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Mr G Online
Oct 06

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spikedmath.com

Mathematics – you either love it or you hate it. There seems to be very little middle ground in this area of thinking. The lovers can find something fascinating in any challenge involving the world of numbers, statistics, shapes and measuring. The haters switch off as soon as you announce ” Please get out your maths books” and go into a quivering near foetal position at the mere mention of the word ‘algebra’.

So where have we gone wrong? Is it just that Maths is too hard for some people? Or have we failed to make it relevant so the doubters just switch off? If we did a better job at showing how important Maths is to real life – that it doesn’t just exist within the confines of a lifeless text book divided into 12 chapters and 120 Exercises of mind numbing practice drills –  would we, along with an injection of teachers who truly love and understand Maths, finally produce a generation of mathophiles (if thats even a word)?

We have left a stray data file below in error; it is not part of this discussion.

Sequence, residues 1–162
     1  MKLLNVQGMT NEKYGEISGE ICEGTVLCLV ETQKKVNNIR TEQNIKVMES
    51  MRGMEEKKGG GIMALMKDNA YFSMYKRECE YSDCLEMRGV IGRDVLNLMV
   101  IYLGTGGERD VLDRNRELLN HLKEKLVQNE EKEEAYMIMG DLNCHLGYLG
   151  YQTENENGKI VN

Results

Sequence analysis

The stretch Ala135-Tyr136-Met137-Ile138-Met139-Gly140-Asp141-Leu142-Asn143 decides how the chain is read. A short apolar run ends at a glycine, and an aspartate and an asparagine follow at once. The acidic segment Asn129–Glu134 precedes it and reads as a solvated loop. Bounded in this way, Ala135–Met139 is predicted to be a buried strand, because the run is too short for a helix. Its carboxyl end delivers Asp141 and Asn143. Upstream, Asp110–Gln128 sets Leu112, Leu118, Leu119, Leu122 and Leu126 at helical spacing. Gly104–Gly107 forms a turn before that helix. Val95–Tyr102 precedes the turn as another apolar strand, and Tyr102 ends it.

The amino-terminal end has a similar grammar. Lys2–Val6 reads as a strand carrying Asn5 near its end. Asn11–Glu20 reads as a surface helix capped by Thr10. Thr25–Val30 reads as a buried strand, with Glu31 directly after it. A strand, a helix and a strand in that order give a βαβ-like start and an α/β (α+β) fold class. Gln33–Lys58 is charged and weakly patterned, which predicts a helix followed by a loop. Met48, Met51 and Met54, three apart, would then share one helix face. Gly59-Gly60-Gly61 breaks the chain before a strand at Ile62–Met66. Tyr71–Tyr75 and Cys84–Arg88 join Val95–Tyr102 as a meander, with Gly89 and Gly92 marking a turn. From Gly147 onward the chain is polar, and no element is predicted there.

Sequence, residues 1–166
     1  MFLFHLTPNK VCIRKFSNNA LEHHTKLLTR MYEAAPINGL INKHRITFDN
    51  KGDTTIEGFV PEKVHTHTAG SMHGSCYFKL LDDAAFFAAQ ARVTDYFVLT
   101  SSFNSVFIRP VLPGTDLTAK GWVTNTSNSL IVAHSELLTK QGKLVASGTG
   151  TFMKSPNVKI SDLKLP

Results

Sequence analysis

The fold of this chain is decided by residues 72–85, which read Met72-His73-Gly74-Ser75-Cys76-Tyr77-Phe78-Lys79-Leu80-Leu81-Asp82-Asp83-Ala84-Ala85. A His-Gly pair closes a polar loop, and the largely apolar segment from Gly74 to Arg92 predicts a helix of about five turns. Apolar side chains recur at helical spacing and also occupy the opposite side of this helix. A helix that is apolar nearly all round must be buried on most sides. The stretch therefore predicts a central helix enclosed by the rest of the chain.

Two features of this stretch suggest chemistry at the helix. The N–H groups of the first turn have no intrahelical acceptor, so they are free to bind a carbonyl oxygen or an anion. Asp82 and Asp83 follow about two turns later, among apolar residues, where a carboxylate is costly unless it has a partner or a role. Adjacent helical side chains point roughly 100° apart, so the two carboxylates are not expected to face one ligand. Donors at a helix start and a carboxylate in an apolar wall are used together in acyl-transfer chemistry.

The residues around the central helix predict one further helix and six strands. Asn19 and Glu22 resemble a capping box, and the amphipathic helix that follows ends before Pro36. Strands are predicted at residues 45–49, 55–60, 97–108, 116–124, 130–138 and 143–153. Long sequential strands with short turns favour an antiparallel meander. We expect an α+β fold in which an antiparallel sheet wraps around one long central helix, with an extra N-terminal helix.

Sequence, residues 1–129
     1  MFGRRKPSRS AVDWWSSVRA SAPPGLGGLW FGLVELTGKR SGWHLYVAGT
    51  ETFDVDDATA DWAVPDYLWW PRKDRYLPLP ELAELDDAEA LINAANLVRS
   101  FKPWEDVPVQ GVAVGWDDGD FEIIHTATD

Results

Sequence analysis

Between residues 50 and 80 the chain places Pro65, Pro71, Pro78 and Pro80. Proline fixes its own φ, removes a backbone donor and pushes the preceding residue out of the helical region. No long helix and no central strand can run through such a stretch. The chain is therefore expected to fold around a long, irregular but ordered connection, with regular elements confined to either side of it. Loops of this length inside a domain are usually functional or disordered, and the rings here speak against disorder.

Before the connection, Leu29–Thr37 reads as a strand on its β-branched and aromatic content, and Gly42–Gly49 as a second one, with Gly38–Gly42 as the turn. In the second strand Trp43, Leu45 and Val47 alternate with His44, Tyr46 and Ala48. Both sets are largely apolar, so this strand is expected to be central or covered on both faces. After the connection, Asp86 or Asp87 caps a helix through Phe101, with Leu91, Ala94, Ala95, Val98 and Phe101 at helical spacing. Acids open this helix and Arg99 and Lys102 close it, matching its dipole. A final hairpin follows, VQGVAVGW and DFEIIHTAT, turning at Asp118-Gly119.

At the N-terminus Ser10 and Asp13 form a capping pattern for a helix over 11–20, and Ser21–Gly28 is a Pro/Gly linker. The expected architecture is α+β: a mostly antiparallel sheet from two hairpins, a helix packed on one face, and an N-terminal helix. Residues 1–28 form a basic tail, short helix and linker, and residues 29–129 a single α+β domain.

What are you doing to make Maths real in the classroom ( and beyond where it should be)?

  • Are you taking advantage of the simple beauty of Lego blocks to teach arrays, number patterns, counting and  visualization?
  • Do you rely on all those exercises in the textbook or do you show how Trigonometry and functions can be used  to build ramps, staircases, find out slopes;Test and adjust the water flow of a slope on a roof or a pipe; discover The effect of a ramp’s slope on the distance of a jump; work out whether throwing a ball on a steeper angle increases the distance it travels; test the physics of Angry Birds and other similar games?
  • Are you using ratio to alter recipes to cook for more or less people or for changing the taste of a sauce?
  • Do you just learn about the properties of different shapes or do you explore how different shapes fit into a space more efficiently and how this can impact design?
  • Are you buying all of your class/school supplies or getting students to organise surveys to find out parent/their preferences, do research on costing of supplies, table or graph results, compare costs of home purchases versus school purchases, investigate savings and what money could be used for instead?
  • Do you organise school events or have you thought about students working together to organise the costing of events like graduation parties, excursions, transport options, fundraising events?